little idea

Garnett 2022-04-20 09:01:36

Previous David Lynch works have only seen Blue Velvet and Mulholland Drive. The performance of dreams in Mulholland Drive is simply beyond imagination, which makes people exclaim! In general, I think this film is not as good as the above two, although I thought that based on the previous viewing (er) I should be able to sort out this film at one time, but it still failed. Although we all know that this kind of suspense thriller is nothing more than personality classification, schizophrenia, fantasy, delusional disorder, or dream analysis, psychological analysis (forget about science fiction ==), but when the director interspersed these together Play it around, and if you tidied up the narrative structure, it's enough to feel confusing again.
Lynch is really good at dealing with this kind of stuff, and he's especially good at creating that David Lynch-esque eerie atmosphere: smoke, tense and dangerous tones (which I think are pretty good), thick hidden secrets Curtains, close-ups of the eyes, a recurring shot, the BGM that fits perfectly, and the horror image that appears in the corner of the dream in Mulholland Drive, the heroine's grandmother, and the hero's inner alter ego in this movie The effect of the ugly and terrifying face of the first time appeared, it was frightening and could not help the desire to be stimulated!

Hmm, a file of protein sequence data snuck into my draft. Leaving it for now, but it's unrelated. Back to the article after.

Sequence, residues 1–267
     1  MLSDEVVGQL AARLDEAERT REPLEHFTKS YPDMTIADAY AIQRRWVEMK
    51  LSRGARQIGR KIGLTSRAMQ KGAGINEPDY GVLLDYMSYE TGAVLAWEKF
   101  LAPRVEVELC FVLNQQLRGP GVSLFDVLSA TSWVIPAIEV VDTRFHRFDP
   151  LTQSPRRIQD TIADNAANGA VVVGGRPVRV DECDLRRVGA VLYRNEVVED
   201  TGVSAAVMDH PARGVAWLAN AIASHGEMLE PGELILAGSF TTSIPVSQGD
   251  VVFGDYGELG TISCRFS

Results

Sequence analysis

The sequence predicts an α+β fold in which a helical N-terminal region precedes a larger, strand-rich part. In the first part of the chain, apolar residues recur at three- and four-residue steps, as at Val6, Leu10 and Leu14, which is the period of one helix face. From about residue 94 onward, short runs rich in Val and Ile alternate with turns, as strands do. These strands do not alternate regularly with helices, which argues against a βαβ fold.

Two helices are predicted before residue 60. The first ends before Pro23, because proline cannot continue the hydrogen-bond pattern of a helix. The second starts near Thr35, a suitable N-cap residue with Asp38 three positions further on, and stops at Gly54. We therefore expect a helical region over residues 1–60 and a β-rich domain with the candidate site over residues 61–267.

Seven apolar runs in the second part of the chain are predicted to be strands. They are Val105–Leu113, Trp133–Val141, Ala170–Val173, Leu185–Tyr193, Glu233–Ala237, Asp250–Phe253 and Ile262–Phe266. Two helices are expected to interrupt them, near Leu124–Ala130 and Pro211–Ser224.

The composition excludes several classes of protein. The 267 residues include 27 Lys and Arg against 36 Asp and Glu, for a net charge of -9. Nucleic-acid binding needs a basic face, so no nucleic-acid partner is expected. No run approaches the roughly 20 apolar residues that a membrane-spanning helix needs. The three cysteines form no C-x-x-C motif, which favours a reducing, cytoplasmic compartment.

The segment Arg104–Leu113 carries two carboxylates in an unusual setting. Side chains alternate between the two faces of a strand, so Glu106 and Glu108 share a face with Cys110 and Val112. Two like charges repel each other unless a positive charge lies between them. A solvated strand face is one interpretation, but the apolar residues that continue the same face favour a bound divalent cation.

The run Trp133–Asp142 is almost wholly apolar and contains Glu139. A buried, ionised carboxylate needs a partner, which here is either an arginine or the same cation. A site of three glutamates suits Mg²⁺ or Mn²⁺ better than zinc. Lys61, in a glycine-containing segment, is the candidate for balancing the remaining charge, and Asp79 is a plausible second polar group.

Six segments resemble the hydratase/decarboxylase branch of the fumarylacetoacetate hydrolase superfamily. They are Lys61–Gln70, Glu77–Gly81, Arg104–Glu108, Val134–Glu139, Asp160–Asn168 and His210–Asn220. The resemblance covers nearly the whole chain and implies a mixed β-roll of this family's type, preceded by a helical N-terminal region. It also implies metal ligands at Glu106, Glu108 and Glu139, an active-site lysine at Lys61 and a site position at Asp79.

In addition, the heroine's performance can be given full marks!

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Extended Reading

Lost Highway quotes

  • [Pete, disturbed by the saxophone music on a radio, switches the channels]

    Phil: What'd you change it for? I liked that.

    Pete Dayton: Well, I don't!

    Phil: I liked that.

  • Bill Dayton: The police called us today.

    Pete Dayton: What'd they want?

    Bill Dayton: They wanted to know if we had a chance to find out what happened to you the other night. And they wanted to know if you remembered anything.

    Pete Dayton: But... I don't remember anything. What'd you tell them?

    Bill Dayton: [after a long pause] We're not going to say anything about that night to the police.

    Candace Dayton: We saw you that night, Pete.

    Bill Dayton: You came home with your friend, Sheila.

    Pete Dayton: Sheila?

    Bill Dayton: Uh-huh. There was a man with you two.

    Pete Dayton: What is this? Why didn't you tell me anything? Who was the man?

    Bill Dayton: I've never seen him before in my life.

    Pete Dayton: What happened to me? Please Dad, if you know, tell me.

    [Bill and Candace sorrowfully look away from Pete]

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